People took an enormous amount of money out of their homes during the bubble—$358 billion in the peak year of 2005 alone, according to Goldman Sachs. So-called cash-out refinancings raised mortgage burdens sharply. That, combined with the price plunge, has wiped out trillions in home equity during the bust, making empty-nesters unable to trade down easily.

The Hornes of Holliston, Mass., sold this house for a smaller one nearby, but haven’t enjoyed the windfall they expected.Trading down to a smaller home is a retirement-planning staple. According to an April study by the Society of Actuaries, 20% of not-yet retirees say they plan to downsize after the last child leaves the nest. But it is getting a lot harder to do, even for wealthier people. A study by the Joint Center for Housing Studies at Harvard University, scheduled to be released on Monday, shows that while mobility has slowed across all age groups during the real estate bust, "mobility rates among seniors have posted the sharpest drop." Trade-downs in March comprised about 8% of total home sales, down from 12% in October 2008, the first year for which there are historical comparisons, according to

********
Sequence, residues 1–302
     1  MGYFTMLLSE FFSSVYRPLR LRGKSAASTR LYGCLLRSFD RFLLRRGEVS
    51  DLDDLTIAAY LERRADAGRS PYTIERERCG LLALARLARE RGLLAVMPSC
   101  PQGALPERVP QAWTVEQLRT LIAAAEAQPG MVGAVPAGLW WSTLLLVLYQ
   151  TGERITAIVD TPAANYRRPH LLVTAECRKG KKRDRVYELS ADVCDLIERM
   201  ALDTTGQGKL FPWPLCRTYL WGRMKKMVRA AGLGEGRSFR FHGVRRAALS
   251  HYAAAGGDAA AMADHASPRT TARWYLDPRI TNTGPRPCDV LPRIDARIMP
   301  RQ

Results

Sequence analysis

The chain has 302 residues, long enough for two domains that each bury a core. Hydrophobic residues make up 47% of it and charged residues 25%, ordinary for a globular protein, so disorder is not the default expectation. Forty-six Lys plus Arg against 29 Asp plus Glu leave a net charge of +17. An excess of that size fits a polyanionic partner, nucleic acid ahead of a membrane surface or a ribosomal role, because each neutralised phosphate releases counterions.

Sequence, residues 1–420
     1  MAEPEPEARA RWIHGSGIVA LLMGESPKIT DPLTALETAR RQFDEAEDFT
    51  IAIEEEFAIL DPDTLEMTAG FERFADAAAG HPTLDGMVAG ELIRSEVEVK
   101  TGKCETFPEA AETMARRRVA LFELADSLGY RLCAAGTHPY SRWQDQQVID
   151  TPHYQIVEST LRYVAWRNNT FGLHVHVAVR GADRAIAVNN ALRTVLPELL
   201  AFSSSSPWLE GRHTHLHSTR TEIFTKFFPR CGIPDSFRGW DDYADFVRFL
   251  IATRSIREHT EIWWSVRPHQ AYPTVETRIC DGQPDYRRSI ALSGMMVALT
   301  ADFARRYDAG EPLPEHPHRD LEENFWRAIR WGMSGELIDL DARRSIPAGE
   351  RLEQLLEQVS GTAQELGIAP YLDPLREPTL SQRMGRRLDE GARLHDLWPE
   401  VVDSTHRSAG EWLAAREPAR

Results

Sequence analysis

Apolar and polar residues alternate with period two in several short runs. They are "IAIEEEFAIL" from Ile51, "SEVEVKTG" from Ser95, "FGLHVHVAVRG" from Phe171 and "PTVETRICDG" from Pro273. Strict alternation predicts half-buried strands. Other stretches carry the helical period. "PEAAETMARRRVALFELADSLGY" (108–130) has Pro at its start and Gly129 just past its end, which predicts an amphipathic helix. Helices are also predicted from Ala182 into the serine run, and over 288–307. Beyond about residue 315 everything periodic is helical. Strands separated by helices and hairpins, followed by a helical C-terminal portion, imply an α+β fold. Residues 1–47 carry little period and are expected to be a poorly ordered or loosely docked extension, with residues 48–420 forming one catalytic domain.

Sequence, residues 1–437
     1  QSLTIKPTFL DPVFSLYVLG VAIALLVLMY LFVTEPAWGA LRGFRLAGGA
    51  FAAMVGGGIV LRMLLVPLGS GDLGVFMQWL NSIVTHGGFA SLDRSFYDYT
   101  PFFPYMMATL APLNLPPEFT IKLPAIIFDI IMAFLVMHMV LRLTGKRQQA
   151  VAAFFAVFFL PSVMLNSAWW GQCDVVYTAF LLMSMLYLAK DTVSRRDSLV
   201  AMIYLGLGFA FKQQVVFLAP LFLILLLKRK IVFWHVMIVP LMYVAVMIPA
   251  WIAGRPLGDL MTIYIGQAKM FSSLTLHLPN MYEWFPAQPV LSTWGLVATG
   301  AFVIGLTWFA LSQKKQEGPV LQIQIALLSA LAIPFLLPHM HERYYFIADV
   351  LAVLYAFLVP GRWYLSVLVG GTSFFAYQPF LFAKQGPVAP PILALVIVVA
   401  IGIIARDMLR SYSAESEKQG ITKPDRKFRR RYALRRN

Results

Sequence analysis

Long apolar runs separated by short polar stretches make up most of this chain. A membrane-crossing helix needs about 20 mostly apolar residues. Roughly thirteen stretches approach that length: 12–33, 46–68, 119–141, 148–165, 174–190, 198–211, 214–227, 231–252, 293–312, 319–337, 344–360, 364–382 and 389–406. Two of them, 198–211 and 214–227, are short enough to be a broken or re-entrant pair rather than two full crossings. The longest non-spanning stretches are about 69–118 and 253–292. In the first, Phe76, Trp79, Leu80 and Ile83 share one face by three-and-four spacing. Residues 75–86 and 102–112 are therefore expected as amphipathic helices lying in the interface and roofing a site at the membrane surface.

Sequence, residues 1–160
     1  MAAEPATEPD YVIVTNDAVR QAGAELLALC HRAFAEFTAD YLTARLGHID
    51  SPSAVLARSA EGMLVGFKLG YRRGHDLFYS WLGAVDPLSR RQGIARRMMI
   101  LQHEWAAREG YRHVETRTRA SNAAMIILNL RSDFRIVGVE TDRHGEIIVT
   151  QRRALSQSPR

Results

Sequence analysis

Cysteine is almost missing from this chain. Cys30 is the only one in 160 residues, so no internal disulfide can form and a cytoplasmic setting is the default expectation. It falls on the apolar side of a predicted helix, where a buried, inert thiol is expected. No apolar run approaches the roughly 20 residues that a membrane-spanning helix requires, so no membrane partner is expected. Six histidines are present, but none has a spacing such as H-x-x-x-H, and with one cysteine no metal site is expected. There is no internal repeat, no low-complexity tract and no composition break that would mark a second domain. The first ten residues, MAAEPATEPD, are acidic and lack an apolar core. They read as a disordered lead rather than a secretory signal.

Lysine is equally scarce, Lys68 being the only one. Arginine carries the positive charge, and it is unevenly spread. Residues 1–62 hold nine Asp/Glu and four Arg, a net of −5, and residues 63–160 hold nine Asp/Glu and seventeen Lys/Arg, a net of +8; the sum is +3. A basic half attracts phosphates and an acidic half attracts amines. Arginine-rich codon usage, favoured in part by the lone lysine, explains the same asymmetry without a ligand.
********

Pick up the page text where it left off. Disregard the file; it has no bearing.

the National Association of Realtors.
By M.P. McQueen, June 12, 2010

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